It's finally coming to an end.
One of the world's worst environmental disasters could be over soon as crews have been waiting patiently for the fresh cement to dry. They started filling the throat of the oil-well on Thursday, making it one of the last steps of the so-called 'static-kill.'
Engineers pumped enough mud down the top of the well to push the crude back to its underground source, for the first time since the oil rig exploded on April 20, killing 11 workers and prompting the massive spill.
Once the cement oil dries, the final stage begins. This means drilling the last 30 metres of the relief well, which will then be used to seal the underground reservoir from the bottom with mud and cement.
However, once the crude flow stops, there's still a massive cleanup of oil from marshes and wetlands that span the Gulf Coast. Crews are still finding plenty of tar in these areas, and now it's getting trapped in the marshes by the tides.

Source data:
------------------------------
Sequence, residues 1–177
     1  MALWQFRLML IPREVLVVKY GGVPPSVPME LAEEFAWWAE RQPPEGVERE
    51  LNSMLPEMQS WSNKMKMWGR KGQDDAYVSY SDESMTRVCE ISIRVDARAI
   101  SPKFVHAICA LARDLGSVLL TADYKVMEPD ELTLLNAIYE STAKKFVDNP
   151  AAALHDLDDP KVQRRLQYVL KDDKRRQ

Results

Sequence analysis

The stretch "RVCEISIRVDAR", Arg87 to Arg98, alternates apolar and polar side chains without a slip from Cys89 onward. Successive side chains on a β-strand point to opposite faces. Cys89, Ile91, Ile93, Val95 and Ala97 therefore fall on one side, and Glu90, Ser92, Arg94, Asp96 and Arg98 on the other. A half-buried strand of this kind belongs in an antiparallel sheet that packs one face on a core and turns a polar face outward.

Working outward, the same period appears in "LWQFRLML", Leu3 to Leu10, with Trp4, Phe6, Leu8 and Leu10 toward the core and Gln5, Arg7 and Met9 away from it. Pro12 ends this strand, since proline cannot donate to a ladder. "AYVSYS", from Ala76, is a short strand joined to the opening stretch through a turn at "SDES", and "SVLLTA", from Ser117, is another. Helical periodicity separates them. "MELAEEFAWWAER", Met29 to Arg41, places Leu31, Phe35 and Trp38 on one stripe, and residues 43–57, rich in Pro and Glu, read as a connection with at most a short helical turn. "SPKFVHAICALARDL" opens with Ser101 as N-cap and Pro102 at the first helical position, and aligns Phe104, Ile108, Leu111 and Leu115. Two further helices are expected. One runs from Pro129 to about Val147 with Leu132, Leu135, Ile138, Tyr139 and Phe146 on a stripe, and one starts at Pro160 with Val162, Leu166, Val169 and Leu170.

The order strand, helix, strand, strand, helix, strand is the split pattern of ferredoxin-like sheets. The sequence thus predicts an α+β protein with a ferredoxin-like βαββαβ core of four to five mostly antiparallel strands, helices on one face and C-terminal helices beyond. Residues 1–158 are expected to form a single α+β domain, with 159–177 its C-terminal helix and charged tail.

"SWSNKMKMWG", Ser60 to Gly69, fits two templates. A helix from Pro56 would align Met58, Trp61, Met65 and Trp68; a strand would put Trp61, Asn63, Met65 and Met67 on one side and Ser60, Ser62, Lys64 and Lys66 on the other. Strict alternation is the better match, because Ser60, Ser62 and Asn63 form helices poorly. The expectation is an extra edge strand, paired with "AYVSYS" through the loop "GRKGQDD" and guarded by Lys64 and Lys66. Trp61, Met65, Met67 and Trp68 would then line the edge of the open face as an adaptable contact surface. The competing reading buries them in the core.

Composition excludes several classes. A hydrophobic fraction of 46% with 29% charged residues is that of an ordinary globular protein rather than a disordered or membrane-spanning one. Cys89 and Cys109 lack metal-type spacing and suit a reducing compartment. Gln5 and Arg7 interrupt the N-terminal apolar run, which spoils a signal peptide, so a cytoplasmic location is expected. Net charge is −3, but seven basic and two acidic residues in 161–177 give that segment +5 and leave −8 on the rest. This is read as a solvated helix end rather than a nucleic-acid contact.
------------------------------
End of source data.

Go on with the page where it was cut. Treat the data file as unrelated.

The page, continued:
Although there is little oil to see on the surface, that doesn't mean it doesn't exist, says Admiral Paul Zukunft, the U.S. government's on-scene coordinator. On the plus side, a report this week indicated that only about a quarter of the spilled crude remains in the Gulf and is dissipating quickly. Nearly three-quarters of the 207 million gallons has been collected by the temporary containment cap, cleaned up, chemically dispersed or naturally deteriorated and evaporated.
Crews will continue to shove mud and cement through the 18,000 foot relief well, and it's expected to be completed within a few weeks.
The vast oil reservoir beneath the well could still be worth billions of dollars even after it spewed crude into the Gulf of Mexico for more than three months. However, BP insisted on Thursday, that they have no plans to use the relief wells to produce oil.
With files from The Associated Press